Community organizers have made efforts to create counter monuments or alternative opportunities to contextualize histories now identified as inaccurate or exclusionary. This may entail moving a monument to a sidelined location (the Sims statue is now located at his gravesite at Greenwood Cemetery in Brooklyn), memorializing overlooked histories in new projects (the National Native American Veterans Memorial opened at the Smithsonian in 2020), or complicating histories with additional context through added signage next to a monument. Focusing efforts on monuments, public art, and other symbols, however, can become “artwashing.” This concept refers to oil companies and other corporations making large donations to arts organizations to present a socially conscious public image (Evans); its meaning has expanded to include art tied to gentrification and displacement of low income communities (Pritchard). Such efforts can postpone the systems change work necessary to address structural inequities such as balancing resources to support both the police and mental health programs, or investing in other ways of caring for the community. Communities must question whether cities are only removing monuments widely accepted as racist or if they are taking down monuments as a part of concomitant transformation within internal operations and through new cooperative models of designing future monuments.
Art and Future Creative Cities
Deliberations over existing and new monuments present an opportunity to begin a community engaged process of public reflection and an exploration of systemic biases in decision making. Even when these processes are subverted from community interest, underlying systemic hierarchies are revealed which can be challenged.
As monuments fall, visions of white supremacy fall as well. Historian Peniel Joseph sees the United States as currently navigating a third period of reconstruction, which he frames as the birth of a new American freedom (Joseph). This future freedom is hindered by political leaders who hold onto monuments that celebrate imperialist histories in conflict with collective efforts to build a more equitable America. Awareness of what monuments represent and the decision-making underlying their presence is growing, necessitating processes to become more transparent and cooperative to expand the conception of what a monument can be for the people. This cannot merely be community inclusion in monument design processes, but rather requires reconceptualizing institutional cultures and power hierarchies to move closer to systemic change. While residents may be invited to share future visions with city leaders, they also must be incorporated into city processes from the onset that shift monument decision-making power to communities.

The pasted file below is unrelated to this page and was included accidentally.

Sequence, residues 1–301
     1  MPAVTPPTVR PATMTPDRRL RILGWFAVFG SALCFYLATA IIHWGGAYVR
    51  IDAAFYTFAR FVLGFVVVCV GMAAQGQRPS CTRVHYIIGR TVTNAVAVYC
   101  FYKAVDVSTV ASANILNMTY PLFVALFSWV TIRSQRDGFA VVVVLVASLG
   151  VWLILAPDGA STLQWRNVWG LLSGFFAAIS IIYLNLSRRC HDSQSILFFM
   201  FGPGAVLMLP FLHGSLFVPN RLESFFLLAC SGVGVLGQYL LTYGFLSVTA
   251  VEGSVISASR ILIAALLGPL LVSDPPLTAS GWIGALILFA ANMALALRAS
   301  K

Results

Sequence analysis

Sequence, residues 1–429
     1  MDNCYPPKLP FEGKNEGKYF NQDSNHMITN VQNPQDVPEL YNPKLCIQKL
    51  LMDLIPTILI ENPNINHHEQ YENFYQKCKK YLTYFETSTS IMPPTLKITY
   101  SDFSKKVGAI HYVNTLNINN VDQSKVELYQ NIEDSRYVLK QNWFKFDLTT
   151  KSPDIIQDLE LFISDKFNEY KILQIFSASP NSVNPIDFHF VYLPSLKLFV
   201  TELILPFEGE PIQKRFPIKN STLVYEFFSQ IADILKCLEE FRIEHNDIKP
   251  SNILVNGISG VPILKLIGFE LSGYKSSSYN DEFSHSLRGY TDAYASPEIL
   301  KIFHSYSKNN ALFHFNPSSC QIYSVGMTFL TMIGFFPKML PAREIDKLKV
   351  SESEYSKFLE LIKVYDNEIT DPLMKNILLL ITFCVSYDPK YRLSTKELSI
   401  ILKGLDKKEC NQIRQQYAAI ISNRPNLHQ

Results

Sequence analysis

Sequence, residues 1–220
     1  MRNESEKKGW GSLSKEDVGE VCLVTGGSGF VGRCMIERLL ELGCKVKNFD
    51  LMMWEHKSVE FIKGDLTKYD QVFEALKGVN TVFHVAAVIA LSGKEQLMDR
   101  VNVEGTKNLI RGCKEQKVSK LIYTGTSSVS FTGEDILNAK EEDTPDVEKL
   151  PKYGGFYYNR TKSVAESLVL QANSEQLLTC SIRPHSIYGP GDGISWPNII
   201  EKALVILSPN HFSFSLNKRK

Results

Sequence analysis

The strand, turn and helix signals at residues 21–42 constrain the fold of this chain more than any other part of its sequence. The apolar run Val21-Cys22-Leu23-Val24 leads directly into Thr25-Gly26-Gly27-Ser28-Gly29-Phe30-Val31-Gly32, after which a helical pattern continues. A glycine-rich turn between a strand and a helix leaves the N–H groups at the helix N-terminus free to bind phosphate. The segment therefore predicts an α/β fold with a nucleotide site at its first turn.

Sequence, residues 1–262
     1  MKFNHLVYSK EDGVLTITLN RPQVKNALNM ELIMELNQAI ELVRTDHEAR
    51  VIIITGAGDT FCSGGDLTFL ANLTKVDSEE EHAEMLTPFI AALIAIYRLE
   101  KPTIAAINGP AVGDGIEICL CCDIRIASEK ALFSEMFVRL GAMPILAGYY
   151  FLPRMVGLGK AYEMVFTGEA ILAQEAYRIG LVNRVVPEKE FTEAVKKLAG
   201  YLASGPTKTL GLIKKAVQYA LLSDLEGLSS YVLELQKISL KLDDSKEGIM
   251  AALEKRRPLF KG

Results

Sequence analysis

In removing select monuments and choosing what will replace them, we are not just changing our aesthetic values or coming to terms with a new political reality that aligns better with the majority sentiments of the moment. Rather, we are collectively envisioning equitable futures. Through cooperation and redistribution of power, future creative cities can be more equitably reimagined.
Johanna K. Taylor is an Assistant Professor at the Herberger Institute for Design and the Arts at Arizona State University. Her work is grounded in a core value of art as catalyzing force advancing justice in daily life; her research pursues questions of cultural equity through the intersection of art, community, policy, and place. She holds a PhD in Urban Policy from The New School and an MA in Arts Management from Carnegie Mellon University. Her book The Art Museum Redefined: Power, Opportunity, and Community Engagement (2020) explores museums disrupting organizational hierarchies by sharing decision making with artists and communities. As an arts administrator she has worked at BRIC Arts|Media, A Blade of Grass, and Vera List Center for Art and Politics.